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In C, I can allocate a register for a variable, for example:

register int i = 0;

I am aware that Java is an interpreted language, and is many many abstractions away from the CPU.

Is there any mechanism available to even request (and if the architecture doesn't allow it, so what) that my variable remains in a register instead of moving to cache or main memory?

I don't suppose there is any way, but I have been pleasantly surprised before.

Thank you,

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"register" in C is utterly useless, and has been for at least a decade. The optimizer doesn't need hints. – Paul Tomblin Feb 11 '09 at 21:08
"interpreted language". Interpreter is a property of the language system, not the language. Most (for some suitable definition) Java executed is compiled. – Tom Hawtin - tackline Feb 11 '09 at 21:19
up vote 3 down vote accepted

No, there's no way to request this in Java. However, there are some things that you can do that will prevent a register from being used, such as applying the volatile modifier to a member variable.

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register would only apply to a local variable (or parameter). Java's volatile is not applicable to either. IIRC, what register actually does it prevent a reference been taken to a variable, which Java doesn't do anyway. – Tom Hawtin - tackline Feb 11 '09 at 21:18
Does HotSpot ever cache the value of a member variable in a register? I thought that volatile was needed, in part, to ensure that changes to a (copy of a) value in a register were pushed out to main memory. – erickson Feb 11 '09 at 21:33
volatile only guarantees that all threads will see the latest version. There's no guarantee that it won't be loaded into a register. That thread visibility is completely left up to the JVM. – Steve Kuo Feb 11 '09 at 23:24
Right. As I explained in my comment, a register can be used. The point I'm making is that every volatile read or write must include a trip out to main memory. Operations on a non-volatile members (or local variable) don't incur that expense. – erickson Feb 11 '09 at 23:57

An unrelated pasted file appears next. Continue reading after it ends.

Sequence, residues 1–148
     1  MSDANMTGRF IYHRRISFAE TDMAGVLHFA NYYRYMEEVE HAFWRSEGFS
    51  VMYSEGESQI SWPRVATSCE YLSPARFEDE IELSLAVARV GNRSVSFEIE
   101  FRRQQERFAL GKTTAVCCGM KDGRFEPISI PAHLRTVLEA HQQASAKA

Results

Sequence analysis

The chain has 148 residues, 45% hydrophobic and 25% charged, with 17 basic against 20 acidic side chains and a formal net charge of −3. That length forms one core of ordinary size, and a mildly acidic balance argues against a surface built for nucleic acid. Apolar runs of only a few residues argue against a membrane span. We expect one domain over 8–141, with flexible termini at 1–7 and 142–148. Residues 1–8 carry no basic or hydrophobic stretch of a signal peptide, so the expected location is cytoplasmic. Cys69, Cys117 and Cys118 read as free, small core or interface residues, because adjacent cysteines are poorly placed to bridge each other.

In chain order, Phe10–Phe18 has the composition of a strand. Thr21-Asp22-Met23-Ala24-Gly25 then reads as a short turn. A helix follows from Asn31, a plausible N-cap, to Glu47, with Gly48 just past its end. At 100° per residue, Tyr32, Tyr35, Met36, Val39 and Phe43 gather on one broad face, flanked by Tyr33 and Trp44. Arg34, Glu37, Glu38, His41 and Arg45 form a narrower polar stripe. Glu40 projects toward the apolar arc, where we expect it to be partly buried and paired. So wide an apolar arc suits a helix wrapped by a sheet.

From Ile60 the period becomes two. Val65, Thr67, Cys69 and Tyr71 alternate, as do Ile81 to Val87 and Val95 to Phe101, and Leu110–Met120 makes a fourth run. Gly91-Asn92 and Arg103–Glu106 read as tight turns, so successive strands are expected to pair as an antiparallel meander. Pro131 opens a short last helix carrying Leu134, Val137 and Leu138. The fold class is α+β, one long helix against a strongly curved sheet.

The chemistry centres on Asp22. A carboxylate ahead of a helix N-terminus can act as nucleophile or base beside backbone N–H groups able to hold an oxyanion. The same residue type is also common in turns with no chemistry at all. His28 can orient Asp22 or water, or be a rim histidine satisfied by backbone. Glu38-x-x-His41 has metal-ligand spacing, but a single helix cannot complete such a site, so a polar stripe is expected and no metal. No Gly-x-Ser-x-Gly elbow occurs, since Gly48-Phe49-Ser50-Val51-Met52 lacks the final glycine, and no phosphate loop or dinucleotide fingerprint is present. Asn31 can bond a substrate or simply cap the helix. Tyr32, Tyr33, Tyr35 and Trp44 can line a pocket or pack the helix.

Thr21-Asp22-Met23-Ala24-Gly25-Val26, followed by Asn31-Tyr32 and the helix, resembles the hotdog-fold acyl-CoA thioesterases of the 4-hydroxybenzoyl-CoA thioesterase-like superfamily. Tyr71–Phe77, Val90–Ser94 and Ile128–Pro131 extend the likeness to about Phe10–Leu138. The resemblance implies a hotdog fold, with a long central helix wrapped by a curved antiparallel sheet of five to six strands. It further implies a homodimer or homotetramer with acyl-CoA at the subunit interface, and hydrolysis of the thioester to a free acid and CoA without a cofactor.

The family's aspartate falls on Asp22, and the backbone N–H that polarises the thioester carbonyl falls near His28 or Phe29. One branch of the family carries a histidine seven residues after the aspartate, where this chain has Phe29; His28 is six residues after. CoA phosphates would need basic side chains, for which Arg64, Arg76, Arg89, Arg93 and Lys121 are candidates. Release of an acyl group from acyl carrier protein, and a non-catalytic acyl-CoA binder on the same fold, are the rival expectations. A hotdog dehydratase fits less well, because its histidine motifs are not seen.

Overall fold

register in C does not put a variable to register. It simply gives the compiler the hint, that it would probably be good to put it into a register.

In Java there is no equivalent.

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If it's used enough in a short space that making it a register int would be worthwhile, then the hotspot compiler should be able to figure that out itself.

In fact, the hotspot compiler should be able to do a better job than the C/C++ compiler, because it has more information to work with. C/C++ compilers have to guess; HotSpot can measure.

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There's no equivalent in Java. Even in C there is no guarantee that the variable will be stored in a register and compilers are free to ignore it.

In Java, the method will be interpreted until the hotspot JIT heuristically determines that it needs to be compiled. For compiled code it uses a coloring algorithm to assign variables and temporary values to registers, or write to/from RAM in the case of register overflow.

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I am aware that Java is an interpreted language, and is many many abstractions away from the CPU.

You pretty much answered your own question there :-)

But seriously, in general, write your code as clearly and simply as you can, and the JVM will do what it can to treat your code right.

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You can create an annotation called @register but the JVM will definitely ignore it. e.g.

@register int i = 0;
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